On Wednesday 30th November one of our esteemed volunteers, John Campbell, gave a tour of the museum’s Depot in Acton. The tour was given to a group of students who are using our collection as a starting point for learning English and improving their confidence with travelling on London Transport. Having given tours on the museum’s collection for a number of years, this was the first time John had given a tour to a group to whom the majority had English as a second language. This made the tour quite different from the usual, as John became quite animated in describing the history of some of the vehicles, and regularly asked questions to the group to keep them engaged. The group became so comfortable with the tour that it turned very quickly into a Q&A session led by the group!
John also spent time showing the group our extensive art and poster collection, which everyone was very keen to see. As part of their course the group were studying a number of our posters, so it was a great opportunity for them to get a first-hand view of the works whilst being able to ask their guide any questions they had about the collection.
This week’s poster is a Museum classic. It has been selected by a group of ESOL learners as part of London Transport Museum’s Access to Art project in partnership with Ealing Libraries. For the past three weeks 16 individuals from countries including Egypt, Iraq, Syria, Sri Lanka and Yemen have been meeting with ESOL tutor Susan Smith at Acton library and learning how to navigate their way around the London using different types of transport. Under investigation have been tube maps, bus maps and tickets as well as giving and receiving directions for travel.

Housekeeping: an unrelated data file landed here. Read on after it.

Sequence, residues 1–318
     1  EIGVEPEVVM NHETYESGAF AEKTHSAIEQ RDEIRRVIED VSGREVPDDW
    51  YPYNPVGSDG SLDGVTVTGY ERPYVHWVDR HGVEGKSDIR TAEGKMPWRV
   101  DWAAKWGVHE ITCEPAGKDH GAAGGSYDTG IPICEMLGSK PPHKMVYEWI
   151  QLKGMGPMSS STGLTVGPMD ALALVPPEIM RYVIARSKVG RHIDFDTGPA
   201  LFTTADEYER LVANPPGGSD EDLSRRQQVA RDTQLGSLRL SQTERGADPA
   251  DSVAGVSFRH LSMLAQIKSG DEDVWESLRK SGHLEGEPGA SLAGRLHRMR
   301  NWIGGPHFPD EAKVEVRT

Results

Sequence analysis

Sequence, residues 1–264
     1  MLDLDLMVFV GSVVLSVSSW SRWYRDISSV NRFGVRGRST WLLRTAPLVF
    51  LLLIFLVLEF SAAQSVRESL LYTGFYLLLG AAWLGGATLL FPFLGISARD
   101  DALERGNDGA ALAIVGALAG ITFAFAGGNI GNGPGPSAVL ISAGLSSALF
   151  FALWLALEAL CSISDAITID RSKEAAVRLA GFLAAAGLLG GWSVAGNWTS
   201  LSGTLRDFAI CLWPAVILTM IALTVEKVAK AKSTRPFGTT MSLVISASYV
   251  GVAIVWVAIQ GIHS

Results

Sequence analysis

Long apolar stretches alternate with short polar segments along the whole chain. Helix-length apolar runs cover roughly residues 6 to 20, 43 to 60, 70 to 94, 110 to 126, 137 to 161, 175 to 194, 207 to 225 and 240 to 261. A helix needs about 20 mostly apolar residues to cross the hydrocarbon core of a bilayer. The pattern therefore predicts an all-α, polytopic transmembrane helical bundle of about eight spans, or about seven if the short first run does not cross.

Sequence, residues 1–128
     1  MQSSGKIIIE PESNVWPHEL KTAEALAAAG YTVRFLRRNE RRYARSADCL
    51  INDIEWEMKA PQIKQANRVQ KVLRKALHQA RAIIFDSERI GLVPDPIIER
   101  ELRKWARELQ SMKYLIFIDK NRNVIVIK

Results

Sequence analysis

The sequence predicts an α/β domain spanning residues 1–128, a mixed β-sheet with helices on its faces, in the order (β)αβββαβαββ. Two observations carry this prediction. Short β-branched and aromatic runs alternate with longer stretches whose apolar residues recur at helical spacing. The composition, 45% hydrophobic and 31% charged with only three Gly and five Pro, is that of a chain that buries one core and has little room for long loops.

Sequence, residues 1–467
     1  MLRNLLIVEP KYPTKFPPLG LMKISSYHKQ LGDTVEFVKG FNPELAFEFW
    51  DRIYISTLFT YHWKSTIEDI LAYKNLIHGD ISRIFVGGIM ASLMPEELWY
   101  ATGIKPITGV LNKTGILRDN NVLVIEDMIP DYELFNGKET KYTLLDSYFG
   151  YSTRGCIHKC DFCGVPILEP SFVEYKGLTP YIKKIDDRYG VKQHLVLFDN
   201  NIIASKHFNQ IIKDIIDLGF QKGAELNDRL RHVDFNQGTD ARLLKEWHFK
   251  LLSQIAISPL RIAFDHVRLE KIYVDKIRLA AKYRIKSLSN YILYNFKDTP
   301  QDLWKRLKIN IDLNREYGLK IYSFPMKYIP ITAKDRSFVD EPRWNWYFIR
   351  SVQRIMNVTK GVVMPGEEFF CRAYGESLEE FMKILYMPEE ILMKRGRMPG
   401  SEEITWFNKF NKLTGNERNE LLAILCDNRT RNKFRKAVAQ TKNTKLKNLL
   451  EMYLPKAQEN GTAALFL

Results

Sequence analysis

Now in the fourth week of the project, today has been particularly special as the group got the chance to visit the Museum Depot and were led on a tour by the fact-fuelled volunteer John Campbell. The group responded wonderfully to the historical objects and to John peppering him with lots of inquisitive and funny questions. After a break for tea and biscuits the group headed into the art store to view a number of artworks including Fougasse’s humorous wartime tube etiquette posters. The artwork that drew much comment is the 1908 poster No need to ask a P’liceman. The group noted the difference between the artwork and the London Underground poster such as the appearance of a ticket office that was absent in the original artwork and how different the geographical tube map looked in comparison to the schematic tube map we use today.
There was a bit of confusion amongst the group as to why you would ask a policeman for directions on the tube. “Won’t you upset him?” one person asked. We’re going to discuss this in more detail in our penultimate session next week but we’re also curious to hear your thoughts about the poster. So, what do you think?